It is good news for everyone that awareness of environmental responsibility is rising. For manufacturers going “green” or environmentally friendly is not only about which adhesives you use.
Going “green” used to be a black and white decision: eliminate all chemicals and use only organic materials. Nowadays, engineers are using adhesives to their advantage to produce the most environmentally responsible products possible. This includes bonding lightweight materials, rather than welding thick metals together. Components can be kept lighter by reducing the number of mechanical fixings. In the case of a car or an aeroplane, the more lightweight it is, the lower the fuel consumption.
Whether we like it or not, environmental awareness is on the rise and the compensation-claim culture is increasing. Developing environmentally-friendly adhesives, ensuring worker health & safety and maintaining a high level of technical performance, is keeping development chemists the world over on their toes. At the same time, buying professionals are under pressure to seek out reliable “green partners” for their company’s supplies.
A manufacturer of acrylic display cases who had bonded the cases together with a plastic / solvent blend switched to a 100% solids UV-curable adhesive. This eliminates a vast amount of solvent that evaporates into our atmosphere every year.
A military products manufacturer replaces a xylol based mount varnish with a dual cure – UV curable- anaerobic sealant eliminating worker exposure to benzenes and eliminating solvent emissions.
A manufacturer of medical needles replaced a heat-cure epoxy bonding process with a UV curable process. They reduced the energy requirements of the production line by 1/3.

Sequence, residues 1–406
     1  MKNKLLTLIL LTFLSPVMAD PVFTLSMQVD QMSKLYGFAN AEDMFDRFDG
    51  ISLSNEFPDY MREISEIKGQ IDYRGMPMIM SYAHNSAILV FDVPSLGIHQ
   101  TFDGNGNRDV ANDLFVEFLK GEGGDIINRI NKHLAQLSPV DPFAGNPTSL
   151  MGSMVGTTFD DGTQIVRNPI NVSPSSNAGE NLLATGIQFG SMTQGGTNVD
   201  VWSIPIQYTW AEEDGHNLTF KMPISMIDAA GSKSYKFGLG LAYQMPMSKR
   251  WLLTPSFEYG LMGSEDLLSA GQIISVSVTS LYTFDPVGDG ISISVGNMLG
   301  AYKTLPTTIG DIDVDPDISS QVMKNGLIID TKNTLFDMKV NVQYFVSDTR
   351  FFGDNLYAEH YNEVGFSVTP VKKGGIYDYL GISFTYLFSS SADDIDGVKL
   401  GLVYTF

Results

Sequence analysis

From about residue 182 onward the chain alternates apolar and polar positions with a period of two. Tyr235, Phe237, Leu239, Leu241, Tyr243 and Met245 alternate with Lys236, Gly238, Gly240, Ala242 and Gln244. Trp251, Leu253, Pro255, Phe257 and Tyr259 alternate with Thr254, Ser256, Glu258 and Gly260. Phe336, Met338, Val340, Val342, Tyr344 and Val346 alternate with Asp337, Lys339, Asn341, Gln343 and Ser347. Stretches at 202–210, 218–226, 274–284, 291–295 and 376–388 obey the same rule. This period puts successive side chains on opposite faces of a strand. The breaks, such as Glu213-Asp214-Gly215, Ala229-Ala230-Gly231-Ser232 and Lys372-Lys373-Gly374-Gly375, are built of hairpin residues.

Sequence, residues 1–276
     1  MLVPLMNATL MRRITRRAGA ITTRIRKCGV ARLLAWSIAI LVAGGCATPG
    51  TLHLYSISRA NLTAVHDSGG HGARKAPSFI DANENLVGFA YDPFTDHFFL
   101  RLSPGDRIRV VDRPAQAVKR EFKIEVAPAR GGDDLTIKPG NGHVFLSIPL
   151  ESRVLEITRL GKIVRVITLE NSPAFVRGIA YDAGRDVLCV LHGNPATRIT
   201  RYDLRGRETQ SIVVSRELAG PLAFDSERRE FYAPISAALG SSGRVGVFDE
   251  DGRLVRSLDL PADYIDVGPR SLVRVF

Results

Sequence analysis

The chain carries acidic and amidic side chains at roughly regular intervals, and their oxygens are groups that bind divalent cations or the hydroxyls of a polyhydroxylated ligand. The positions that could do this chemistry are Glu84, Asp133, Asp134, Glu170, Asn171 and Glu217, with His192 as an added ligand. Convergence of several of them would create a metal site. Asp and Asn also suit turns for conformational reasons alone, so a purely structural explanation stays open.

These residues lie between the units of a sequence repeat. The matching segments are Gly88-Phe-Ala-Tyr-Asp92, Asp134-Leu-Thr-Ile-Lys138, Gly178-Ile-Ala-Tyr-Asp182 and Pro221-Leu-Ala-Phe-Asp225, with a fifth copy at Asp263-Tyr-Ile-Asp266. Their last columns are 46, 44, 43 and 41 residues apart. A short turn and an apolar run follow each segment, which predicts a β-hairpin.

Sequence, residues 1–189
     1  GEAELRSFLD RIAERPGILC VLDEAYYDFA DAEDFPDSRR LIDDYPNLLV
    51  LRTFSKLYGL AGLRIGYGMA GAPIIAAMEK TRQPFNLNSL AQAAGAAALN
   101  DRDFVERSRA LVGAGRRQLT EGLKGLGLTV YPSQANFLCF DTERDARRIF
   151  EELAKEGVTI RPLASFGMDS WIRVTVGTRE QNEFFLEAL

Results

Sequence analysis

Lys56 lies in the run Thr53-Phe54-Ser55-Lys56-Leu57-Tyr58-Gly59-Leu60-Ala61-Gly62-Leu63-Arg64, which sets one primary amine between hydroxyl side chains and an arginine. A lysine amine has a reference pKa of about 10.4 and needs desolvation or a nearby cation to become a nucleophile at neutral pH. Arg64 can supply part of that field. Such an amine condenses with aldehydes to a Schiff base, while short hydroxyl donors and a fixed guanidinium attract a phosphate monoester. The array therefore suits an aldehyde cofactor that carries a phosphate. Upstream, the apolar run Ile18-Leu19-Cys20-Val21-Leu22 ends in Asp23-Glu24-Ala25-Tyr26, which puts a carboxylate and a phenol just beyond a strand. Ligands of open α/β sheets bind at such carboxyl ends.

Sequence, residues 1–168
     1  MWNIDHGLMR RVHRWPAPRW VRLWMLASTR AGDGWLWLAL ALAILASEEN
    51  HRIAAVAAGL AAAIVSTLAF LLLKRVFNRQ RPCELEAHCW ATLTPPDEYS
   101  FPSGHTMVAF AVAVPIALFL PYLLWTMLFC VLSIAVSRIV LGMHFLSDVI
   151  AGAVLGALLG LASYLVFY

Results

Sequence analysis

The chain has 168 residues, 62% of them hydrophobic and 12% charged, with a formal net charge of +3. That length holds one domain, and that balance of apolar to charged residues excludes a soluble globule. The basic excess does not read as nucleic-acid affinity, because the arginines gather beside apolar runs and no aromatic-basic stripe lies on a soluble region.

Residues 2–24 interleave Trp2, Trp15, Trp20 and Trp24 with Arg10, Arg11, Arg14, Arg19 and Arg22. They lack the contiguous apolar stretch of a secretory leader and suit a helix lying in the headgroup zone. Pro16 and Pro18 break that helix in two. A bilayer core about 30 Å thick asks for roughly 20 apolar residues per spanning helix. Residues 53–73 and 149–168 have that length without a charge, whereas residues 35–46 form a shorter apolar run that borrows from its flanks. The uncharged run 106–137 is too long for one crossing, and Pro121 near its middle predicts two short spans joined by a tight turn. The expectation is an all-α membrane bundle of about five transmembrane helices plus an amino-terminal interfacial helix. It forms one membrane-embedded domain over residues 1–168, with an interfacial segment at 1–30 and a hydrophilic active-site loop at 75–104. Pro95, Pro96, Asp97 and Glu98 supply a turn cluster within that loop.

In the example above, both the heat-cure epoxy and the UV curable adhesive are 100% solids/ solvent free materials. The environmental friendly gain in this example is the reduced energy consumption, not the adhesive itself.
A major gas utility encapsulated leaks in the gas pipeline with a urethane encapsulant sealant system.
A waste water treatment facility seals piping with an NSF/ANSI 61 certified anaerobic pipe sealant and saves reprocessing gallons of clean water that had leaked into the untreated water.
A truck trailer manufacturer was riveting panels together. Heavy gauge aluminium was required to ensure adequate strength after riveting. The manufacturing process was considered very environmentally friendly. Since they didn’t use any chemicals, and created very little waste.
It was possible to use a lighter gauge aluminium when the panels were bonded together. This helps provide cost and environmental benefits.
Although the manufacturer is rubbing his hands together due to the savings he has made with the metal, the environmental impact goes far beyond that. The reduced weight of the vehicle reduces the fuel consumption of the vehicle. Thus, saving many litres of diesel fuel every year on every vehicle produced.
Additionally, the integrity of the panels is superior to the riveted panels, making the trailer last longer (reducing waste and remanufacturing costs).
In the end, the savings of the aluminium cost is dwarfed in comparison to the overall savings and environmental impact of the trailer longevity and reduced fuel costs.
For further help and advice, please contact Permabond.